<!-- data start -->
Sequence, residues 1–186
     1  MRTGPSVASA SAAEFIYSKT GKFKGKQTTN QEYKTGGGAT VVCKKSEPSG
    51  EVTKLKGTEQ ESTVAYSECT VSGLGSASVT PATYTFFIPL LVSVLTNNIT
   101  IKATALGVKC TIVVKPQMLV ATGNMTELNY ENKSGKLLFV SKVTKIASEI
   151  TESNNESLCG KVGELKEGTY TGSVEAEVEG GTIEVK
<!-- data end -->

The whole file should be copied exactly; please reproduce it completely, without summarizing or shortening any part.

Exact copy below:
Sequence, residues 1–186
     1  MRTGPSVASA SAAEFIYSKT GKFKGKQTTN QEYKTGGGAT VVCKKSEPSG
    51  EVTKLKGTEQ ESTVAYSECT VSGLGSASVT PATYTFFIPL LVSVLTNNIT
   101  IKATALGVKC TIVVKPQMLV ATGNMTELNY ENKSGKLLFV SKVTKIASEI
   151  TESNNESLCG KVGELKEGTY TGSVEAEVEG GTIEVK